More photos of our visit after the cut below↓

Monday, 15 August 2011

Monster Monday: The Pale Man

The Pale Man from 'Pan's Labyrinth' (Image from Bits of News)
Get ready to draw eyes on your hands, put them up to your faces and uh...devour children! Alright, maybe not the devouring children part, but for Monster Monday this week, the spotlight falls on the gloriously ghoulish Pale Man, from Guillermo del Toro's Spanish-language masterpiece 'Pan's Labyrinth' ('Laberinto del Fauno' 2006). 

Ofelia and the Pale Man (image from Movie Connoisseurs)
The Pale Man sits motionless, in his underground lair, at the head of a table laden with delicious-looking food. He lies in wait for any hungry children that may find their way into his chamber, with his eyes on the plate in front of him. If the child should give into temptation, and dare to eat from the platters of nourishment before them, they'd better get out of there quickly, the pallid monster will be awakened from his stasis. 

The Pale Man (from
Against the warnings of her fairy friends Ofelia, the main protagonist of the story, makes the mistake of tasting some grapes on the table, causing the Pale Man to become animate. After killing two of the fairies, he then chases Ofelia, who is forced to run for her life and climb to safety through a magic door she outlines in chalk on the ceiling. 

Even those who don't like the movie surely have to admit that the Pale Man is a fantastic monster. Definitely the stuff of future childhood nightmares!

Sunday, 14 August 2011

Science Sunday: Lobotomies

Lobotomy was a misguided and now largely obsolete psychiatric treatment, in which the prefrontal cortex of the brain would be intentionally damaged by inserting a long pointed rod, called an orbitoclast, through the eye socket. The orbitoclast was then thrust into the brain with a small hammer, in an attempt to bring about a change in the patient's behaviour.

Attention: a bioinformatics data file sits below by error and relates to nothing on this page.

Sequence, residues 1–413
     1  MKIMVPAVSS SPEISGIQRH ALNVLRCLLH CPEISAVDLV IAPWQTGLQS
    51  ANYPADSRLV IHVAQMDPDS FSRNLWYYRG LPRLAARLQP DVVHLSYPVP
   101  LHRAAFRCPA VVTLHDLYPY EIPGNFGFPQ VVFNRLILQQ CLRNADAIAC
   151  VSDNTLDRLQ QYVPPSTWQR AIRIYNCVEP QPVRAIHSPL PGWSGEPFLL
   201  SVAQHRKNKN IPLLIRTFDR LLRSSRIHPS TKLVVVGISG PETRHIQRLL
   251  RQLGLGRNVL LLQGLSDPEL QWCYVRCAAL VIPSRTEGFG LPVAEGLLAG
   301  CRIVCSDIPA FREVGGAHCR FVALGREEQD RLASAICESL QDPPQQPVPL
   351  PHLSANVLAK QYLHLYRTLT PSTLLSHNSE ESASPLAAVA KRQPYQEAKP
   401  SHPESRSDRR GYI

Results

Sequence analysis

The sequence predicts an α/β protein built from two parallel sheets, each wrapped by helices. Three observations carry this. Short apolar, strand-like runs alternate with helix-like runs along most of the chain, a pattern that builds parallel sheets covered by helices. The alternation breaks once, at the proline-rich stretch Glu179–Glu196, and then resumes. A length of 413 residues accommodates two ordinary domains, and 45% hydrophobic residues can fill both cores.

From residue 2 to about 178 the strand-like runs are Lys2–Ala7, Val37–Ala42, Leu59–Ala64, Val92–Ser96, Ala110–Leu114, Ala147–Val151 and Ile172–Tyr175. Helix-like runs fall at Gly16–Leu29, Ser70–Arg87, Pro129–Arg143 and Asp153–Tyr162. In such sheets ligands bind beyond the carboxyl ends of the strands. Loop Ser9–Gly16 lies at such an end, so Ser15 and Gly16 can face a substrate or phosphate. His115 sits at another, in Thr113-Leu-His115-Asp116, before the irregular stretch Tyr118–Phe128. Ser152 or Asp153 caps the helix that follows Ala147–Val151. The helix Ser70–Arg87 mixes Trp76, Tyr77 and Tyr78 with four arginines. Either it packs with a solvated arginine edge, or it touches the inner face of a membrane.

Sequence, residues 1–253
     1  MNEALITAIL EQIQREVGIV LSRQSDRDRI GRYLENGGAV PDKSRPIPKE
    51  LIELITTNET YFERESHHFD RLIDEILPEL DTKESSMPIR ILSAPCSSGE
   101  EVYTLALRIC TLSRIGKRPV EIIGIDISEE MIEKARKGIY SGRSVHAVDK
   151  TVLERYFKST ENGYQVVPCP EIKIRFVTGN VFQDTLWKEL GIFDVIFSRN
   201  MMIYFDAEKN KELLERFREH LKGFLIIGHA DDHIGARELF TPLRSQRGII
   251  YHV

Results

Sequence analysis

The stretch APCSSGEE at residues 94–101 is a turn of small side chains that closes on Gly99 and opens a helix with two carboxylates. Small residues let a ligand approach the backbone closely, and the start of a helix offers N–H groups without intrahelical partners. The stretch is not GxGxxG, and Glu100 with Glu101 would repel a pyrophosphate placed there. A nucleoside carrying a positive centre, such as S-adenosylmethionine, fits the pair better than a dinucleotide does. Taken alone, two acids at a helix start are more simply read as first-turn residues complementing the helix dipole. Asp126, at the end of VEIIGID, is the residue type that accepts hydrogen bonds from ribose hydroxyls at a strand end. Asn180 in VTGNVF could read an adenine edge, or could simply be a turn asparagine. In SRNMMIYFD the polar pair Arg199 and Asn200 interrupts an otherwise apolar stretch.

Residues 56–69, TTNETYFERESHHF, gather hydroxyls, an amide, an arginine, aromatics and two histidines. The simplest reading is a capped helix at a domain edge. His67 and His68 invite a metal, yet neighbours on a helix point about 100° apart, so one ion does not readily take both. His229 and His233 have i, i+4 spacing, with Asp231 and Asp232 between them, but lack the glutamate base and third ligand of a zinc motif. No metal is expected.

The medical technique originally began as a neurological practice in 1935, and lasted well to the 1950's. The practice cost the lives of many patients that went through it, due to severing the connecting tissues in the brain that allegedly cause us to worry, in the hope of curing mental illnesses such as Alzheimer's and schizophrenia.

Rather than being cured, those that survived the quick and allegedly painless operation, often had negative repercussions, such as greatly reduced cognitive functioning or severe pain. There were, however, very occasionally some patients, such as 1940's French Canadian singer Alys Robi, who claimed that the lobotomy she was forced to undergo had actually been beneficial to her.

A still from the lobotomy scene in 'Sucker Punch'
Though highly traumatizing in reality, the procedure has inspired many intriguing cinematic scenes in film and television, such as those featured in Stephen King's 'Kingdom Hospital', William Butler's 'Madhouse', and more recently, Zack Snyder's 'Sucker Punch'.

Art & How-to Guides: Jim McGee's Monster Drawings

Y is for Ygor
Originally hailing from the UK and now residing in Tokyo, Jim McGee draws familiar (and some not so familiar) faces from popular culture, in his own distinctive style. In 2010 he created a pictorial A-Z of monsters, featuring a plethora of characters from horror and science fiction, such as Vampira, Godzilla, Sadako, Ygor and  many more.

N is for Neko Musume and Nurikabe
V is for Vampira
Though the drawings don't always look like exact copies of the characters/actors, they aren't necessarily supposed to and it's obvious who they are. Every monster personality is represented wonderfully well, often with a dash of humor, which will make the drawings very endearing to fans of the genre. Another nice touch is the cameos and background extras that often crop up in McGee's work. For example, The Monster, The Wolfman and Una O'Connor are all in the background of the Ygor portrait.